1Anthropology, Rutgers University, 2Anthropology, University of Texas at Austin, 3Rutgers University, Center for Human Evolutionary Studies
Thursday 3:45-4:00, Ballroom B
Recent studies have suggested that alternative mating strategies may explain deviation from the Priority of Access Model of male reproductive success. “Following” of consortships has been proposed as an alternative mating strategy of subordinate male olive baboons, although the impact of this strategy on the ability of high ranking males to monopolize mating and paternity remains little studied. Data were collected from August 2009-July 2010 on followed consortships in one habituated group of olive baboons in Kenya. Genetic paternity was determined for 9 of 11 surviving infants conceived during the same period using noninvasively collected fecal samples. The proportion of time a male spent consorting during a female’s fertile phase was predicted by male dominance rank (GLMM, z=-3.472, p<0.001) but not by any of three measures of female cycle synchrony. Notably, consorting time differed considerably from that predicted by the Priority of Access Model. Additionally, the proportion of infants sired was not correlated to dominance rank (Spearman Rank Correlation, r=-0.32, p=0.18). The maximum proportion of infants sired by a single male was 0.22, and the alpha male sired no infants. Following allowed males of all dominance rank to achieve consort turnovers, with 75% of turnovers instigated by followers. All genetically-determined sires were observed as followers in cycles resulting in conception (N=6 conceptions with sufficient consortship data). These findings suggest that following can reduce mating skew in olive baboons, indicating the evolutionary significance of this alternative strategy.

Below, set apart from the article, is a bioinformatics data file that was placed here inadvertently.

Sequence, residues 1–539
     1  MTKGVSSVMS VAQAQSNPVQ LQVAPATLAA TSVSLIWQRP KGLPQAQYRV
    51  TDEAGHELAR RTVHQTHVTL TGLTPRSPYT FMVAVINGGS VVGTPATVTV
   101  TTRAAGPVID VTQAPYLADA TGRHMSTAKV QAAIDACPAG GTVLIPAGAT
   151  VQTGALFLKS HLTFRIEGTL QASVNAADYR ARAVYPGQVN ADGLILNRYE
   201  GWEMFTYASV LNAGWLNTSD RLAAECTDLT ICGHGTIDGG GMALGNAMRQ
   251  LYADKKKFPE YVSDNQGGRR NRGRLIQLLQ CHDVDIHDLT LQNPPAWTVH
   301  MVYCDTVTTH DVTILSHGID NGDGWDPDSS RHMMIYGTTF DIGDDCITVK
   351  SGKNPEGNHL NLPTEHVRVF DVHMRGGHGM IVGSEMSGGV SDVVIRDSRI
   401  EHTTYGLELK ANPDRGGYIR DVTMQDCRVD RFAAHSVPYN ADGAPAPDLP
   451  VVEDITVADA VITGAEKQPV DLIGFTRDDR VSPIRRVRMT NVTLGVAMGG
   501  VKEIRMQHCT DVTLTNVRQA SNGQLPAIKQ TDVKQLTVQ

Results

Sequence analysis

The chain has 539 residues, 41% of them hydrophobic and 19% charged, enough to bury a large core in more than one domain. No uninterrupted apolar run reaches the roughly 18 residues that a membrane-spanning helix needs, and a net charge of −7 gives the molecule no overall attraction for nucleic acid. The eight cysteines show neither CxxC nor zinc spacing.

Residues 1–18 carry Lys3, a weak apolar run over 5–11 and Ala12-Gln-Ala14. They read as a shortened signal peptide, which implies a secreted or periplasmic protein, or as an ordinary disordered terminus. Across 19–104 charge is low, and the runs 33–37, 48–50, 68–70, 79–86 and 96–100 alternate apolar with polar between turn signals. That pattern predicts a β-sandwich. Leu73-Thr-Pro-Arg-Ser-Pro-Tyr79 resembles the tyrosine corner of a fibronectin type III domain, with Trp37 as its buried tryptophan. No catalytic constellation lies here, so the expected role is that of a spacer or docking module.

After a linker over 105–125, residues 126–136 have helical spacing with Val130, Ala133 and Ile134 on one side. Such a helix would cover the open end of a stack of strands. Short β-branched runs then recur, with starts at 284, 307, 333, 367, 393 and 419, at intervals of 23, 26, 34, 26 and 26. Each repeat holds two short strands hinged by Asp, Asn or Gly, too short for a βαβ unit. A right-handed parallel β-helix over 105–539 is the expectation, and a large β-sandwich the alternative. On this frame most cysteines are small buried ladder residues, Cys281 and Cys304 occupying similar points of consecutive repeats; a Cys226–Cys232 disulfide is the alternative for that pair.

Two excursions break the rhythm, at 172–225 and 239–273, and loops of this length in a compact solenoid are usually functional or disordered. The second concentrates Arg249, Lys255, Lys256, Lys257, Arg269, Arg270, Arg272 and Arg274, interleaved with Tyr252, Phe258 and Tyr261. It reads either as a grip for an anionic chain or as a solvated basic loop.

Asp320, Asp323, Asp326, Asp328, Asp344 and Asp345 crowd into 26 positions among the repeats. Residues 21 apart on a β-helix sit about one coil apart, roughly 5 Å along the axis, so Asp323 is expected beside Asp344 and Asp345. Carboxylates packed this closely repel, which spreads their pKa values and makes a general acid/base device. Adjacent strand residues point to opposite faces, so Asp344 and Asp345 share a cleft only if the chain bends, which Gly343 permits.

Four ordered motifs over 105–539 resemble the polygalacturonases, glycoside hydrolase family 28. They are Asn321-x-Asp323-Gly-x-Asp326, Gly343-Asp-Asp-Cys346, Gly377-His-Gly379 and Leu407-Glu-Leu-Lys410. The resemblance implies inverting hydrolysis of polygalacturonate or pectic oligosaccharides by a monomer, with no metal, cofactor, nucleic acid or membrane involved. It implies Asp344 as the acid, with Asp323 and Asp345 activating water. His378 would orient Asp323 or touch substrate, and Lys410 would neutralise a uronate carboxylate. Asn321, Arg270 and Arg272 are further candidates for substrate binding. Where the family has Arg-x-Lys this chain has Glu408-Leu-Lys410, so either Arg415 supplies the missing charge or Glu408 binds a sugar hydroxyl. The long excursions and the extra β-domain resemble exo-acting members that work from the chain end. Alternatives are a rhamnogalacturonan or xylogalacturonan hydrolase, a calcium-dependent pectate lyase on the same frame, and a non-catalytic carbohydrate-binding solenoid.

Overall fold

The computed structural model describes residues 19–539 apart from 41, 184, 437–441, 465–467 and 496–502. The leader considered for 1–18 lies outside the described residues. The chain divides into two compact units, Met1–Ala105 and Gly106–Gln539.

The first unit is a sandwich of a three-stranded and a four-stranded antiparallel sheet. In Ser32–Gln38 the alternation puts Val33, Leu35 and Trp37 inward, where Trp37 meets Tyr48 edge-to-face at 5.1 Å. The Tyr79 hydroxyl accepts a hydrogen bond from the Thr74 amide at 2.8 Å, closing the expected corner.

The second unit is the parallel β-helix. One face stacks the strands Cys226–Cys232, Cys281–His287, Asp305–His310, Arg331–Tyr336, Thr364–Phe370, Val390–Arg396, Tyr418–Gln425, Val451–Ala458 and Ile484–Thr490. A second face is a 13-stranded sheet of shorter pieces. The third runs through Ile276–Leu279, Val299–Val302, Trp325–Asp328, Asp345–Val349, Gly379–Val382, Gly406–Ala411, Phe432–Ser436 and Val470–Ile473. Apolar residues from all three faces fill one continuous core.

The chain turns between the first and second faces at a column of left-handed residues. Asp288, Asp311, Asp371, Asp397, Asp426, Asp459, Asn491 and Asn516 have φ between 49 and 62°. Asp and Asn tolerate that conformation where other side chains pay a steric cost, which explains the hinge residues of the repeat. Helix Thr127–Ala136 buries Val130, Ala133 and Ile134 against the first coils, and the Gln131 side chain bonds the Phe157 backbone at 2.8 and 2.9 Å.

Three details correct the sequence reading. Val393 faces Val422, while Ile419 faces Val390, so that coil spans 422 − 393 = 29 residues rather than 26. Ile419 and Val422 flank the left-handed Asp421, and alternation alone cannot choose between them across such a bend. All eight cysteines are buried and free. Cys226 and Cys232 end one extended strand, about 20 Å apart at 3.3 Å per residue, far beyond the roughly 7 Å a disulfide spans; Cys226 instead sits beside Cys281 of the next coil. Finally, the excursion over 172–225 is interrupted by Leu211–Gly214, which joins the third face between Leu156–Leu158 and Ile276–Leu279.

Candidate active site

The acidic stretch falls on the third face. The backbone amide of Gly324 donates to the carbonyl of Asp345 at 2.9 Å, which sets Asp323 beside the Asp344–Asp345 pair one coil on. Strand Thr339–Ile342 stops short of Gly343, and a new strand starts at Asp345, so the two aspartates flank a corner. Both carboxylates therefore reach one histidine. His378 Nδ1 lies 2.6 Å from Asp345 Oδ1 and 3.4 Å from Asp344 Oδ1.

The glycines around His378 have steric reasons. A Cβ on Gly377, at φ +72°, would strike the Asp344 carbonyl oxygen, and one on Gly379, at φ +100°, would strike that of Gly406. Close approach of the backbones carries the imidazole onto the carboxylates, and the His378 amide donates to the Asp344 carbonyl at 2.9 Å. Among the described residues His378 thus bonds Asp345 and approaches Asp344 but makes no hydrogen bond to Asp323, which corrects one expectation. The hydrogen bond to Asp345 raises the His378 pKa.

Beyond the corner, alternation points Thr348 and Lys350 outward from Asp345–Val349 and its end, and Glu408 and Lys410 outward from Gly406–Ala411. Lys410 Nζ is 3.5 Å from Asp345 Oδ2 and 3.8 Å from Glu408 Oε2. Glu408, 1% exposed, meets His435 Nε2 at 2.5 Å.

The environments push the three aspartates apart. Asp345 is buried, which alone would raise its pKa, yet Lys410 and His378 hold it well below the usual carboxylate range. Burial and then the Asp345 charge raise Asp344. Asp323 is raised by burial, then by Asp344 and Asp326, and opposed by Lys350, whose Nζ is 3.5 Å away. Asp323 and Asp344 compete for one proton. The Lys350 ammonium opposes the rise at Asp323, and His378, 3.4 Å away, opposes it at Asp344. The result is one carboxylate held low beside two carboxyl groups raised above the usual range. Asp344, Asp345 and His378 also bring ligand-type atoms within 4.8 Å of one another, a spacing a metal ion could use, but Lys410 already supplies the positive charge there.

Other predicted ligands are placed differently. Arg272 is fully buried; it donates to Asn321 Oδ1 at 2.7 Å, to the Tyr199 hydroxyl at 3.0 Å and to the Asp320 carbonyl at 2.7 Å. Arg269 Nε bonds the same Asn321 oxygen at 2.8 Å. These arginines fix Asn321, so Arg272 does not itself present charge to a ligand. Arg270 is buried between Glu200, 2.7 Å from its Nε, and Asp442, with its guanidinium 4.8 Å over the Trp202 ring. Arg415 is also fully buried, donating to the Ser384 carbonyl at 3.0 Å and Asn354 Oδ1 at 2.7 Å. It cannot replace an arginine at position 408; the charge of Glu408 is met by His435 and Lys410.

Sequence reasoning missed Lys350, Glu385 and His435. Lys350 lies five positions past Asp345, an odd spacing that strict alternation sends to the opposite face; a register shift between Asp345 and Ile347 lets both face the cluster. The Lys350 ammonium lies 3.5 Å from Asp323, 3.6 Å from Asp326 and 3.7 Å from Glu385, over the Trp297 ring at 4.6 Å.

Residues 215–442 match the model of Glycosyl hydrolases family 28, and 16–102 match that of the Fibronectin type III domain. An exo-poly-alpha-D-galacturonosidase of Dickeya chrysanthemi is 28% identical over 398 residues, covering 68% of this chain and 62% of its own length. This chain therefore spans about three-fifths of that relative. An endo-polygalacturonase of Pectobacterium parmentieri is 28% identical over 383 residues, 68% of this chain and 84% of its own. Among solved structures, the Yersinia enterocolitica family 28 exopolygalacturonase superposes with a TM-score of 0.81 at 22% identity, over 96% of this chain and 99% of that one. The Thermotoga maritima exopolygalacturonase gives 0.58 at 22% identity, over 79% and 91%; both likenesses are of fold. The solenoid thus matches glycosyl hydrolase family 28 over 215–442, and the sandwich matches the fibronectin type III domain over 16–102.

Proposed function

NSF, L.S.B. Leakey Foundation, Fulbright IIE, American Society of Primatologists, and Center for Human Evolutionary Studies